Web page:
The original Ferris Wheel was designed and constructed by George Washington Gale Ferris, Jr. as a landmark for the 1893 World's Columbian Exposition in Chicago. The term Ferris wheel later came to be used generically for all such structures. Ferris was a graduate of Rensselaer Polytechnic Institute and a Pittsburgh, Pennsylvania, bridge-builder. He began his career in the railroad industry and then pursued an interest in bridge building. Ferris understood the growing need for structural steel and founded G.W.G. Ferris & Co. in Pittsburgh, a firm that tested and inspected metals for railroads and bridge builders.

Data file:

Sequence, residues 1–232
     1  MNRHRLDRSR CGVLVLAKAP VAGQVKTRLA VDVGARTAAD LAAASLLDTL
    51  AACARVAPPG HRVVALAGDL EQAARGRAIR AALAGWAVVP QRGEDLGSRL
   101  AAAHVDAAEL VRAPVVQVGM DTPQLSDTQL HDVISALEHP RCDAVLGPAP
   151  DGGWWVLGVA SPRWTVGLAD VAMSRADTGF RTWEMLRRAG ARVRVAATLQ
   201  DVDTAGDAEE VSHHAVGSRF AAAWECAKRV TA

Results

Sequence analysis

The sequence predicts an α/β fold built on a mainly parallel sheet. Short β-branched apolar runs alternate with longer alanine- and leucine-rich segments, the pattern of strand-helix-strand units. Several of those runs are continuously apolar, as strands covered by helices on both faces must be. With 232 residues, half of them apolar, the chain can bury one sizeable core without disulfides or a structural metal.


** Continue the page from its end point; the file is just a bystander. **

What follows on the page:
• The Burden Iron Works was an iron works and industrial complex on the Hudson River and Wynantskill Creek in Troy, New York. It once housed the Burden Water Wheel, the most powerful vertical water wheel in history. It most likely inspired George Washington Ferris to build the Ferris wheel. The iron works site was listed on the National Register of Historic Places as an archaeological site in 1977. The Burden Ironworks Office Building was previously listed in 1972.
 

CyborgNinja

Well-known member
Messages
240
Reactions
1,032
axle_ferris_wheel.jpg
Alot of the knowledge around forging these big sections has been lost. For instance the boiler tanks for locomotive steam engines cannot be reproduced because the exact process for heating and re-heating the solid pieces has been forgotten as the men who carried the knowledge were made obselete and made redundant. It was all word of mouth knowledge.

There were no written down insteuctions.
 

Paracelsus

Well-known member
Messages
334
Reactions
1,419